4. The optical filter according to claim 3, wherein the anti-reflection structure is a fine structure having a pitch shorter than a wavelength of visible light.
5. The optical filter according to claim 4, wherein the fine structure has a periodic structure having a pitch shorter than a wavelength of visible light.
6. The optical filter according to claim 3, comprising another anti-reflection structure on a surface on a side opposite to the anti-reflection structure side of the substrate.
7. The optical filter according to claim 6, further comprising another gradient refractive index thin film whose refractive index changes in the film thickness direction between the substrate and the another anti-reflection structure so as to reduce the refractive index difference between the refractive index of the another anti-reflection structure and the refractive index of the substrate.
8. The optical filter according to claim 7, wherein the another anti-reflection structure is an anti-reflection film of a single layer or a plurality of layers, and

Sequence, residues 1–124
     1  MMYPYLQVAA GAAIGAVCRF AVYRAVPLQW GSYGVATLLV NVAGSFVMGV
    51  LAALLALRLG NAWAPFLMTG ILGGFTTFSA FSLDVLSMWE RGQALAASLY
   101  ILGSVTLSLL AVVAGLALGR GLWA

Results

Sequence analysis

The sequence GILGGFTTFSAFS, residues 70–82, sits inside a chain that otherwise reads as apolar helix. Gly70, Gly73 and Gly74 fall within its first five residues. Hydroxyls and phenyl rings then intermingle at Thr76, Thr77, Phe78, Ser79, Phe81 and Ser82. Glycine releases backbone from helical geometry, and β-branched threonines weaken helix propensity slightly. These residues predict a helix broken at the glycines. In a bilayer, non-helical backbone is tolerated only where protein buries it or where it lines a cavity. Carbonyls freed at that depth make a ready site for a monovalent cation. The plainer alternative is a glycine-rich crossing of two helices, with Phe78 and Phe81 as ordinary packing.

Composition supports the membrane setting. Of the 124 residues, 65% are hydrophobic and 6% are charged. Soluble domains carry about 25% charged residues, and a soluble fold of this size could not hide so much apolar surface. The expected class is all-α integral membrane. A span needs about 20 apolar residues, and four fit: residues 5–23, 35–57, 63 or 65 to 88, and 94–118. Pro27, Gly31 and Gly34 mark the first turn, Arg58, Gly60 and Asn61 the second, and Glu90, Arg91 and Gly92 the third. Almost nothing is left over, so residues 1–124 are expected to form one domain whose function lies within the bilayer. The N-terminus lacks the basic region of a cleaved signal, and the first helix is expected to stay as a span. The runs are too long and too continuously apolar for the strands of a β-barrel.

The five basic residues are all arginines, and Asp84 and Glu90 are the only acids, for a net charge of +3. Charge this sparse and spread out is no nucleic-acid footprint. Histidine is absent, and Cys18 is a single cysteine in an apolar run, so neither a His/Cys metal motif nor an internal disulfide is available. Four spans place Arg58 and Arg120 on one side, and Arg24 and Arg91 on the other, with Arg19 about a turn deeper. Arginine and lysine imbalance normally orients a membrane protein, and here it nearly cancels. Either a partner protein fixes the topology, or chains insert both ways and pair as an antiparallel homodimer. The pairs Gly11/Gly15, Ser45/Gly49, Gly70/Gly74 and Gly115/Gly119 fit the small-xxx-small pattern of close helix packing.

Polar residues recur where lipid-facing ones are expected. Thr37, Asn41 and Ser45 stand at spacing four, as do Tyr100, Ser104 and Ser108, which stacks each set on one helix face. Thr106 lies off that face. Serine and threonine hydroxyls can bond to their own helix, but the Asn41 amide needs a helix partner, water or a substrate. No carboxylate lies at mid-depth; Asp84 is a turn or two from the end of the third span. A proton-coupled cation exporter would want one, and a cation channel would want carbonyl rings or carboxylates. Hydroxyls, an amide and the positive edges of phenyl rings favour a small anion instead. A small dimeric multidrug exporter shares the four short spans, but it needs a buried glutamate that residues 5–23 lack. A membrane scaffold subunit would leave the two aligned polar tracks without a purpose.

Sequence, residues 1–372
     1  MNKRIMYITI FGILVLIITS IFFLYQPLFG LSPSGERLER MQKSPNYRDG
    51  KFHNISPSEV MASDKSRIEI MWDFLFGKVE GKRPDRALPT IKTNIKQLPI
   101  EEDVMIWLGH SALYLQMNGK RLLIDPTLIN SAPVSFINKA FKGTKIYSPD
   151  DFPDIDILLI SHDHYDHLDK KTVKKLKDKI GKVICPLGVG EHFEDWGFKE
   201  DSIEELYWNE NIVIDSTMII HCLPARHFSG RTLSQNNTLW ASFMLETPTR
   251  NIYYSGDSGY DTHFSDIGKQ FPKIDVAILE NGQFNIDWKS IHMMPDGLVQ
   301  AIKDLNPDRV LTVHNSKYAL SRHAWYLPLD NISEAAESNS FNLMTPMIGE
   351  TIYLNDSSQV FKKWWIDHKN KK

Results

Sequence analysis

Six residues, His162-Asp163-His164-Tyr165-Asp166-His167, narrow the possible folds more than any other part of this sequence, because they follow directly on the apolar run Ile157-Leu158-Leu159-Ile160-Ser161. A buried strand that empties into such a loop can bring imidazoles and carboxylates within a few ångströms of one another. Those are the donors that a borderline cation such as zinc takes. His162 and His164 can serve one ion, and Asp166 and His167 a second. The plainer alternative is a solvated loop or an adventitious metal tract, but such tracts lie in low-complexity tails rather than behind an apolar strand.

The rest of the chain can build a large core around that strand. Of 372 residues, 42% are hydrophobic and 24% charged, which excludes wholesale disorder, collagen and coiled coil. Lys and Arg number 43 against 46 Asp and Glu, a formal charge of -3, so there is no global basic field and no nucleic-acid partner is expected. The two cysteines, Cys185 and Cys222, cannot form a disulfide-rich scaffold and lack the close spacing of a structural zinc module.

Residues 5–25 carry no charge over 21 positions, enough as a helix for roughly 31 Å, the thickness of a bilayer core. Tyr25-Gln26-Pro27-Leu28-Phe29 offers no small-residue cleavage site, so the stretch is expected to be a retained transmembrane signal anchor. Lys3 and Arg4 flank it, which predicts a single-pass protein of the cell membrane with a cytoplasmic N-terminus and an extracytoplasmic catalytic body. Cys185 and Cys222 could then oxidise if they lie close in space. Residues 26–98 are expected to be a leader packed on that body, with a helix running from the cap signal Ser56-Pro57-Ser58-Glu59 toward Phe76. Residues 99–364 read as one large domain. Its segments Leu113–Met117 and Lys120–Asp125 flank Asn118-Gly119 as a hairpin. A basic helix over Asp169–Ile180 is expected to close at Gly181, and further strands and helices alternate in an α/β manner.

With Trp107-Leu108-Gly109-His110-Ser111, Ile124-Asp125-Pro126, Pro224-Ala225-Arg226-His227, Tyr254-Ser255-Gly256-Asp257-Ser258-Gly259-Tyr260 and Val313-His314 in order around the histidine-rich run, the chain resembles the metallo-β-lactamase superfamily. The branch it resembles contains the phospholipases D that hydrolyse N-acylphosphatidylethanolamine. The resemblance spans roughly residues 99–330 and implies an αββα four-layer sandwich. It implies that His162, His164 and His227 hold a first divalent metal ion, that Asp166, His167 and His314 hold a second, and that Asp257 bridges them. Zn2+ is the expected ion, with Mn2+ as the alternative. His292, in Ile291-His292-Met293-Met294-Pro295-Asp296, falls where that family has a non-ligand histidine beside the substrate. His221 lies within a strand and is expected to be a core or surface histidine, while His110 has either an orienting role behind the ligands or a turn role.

wherein the another gradient refractive index thin film changes the refractive index in the film thickness direction so as to reduce the refractive index difference between the refractive index of a layer adjacent to the another gradient refractive index thin film of the anti-reflection film and the refractive index of the substrate.
9. The optical filter according to claim 7, wherein the another anti-reflection structure is a fine structure having a pitch shorter than a wavelength of visible light.
10. The optical filter according to claim 9, wherein the fine structure has a periodic structure having a pitch shorter than a wavelength of visible light.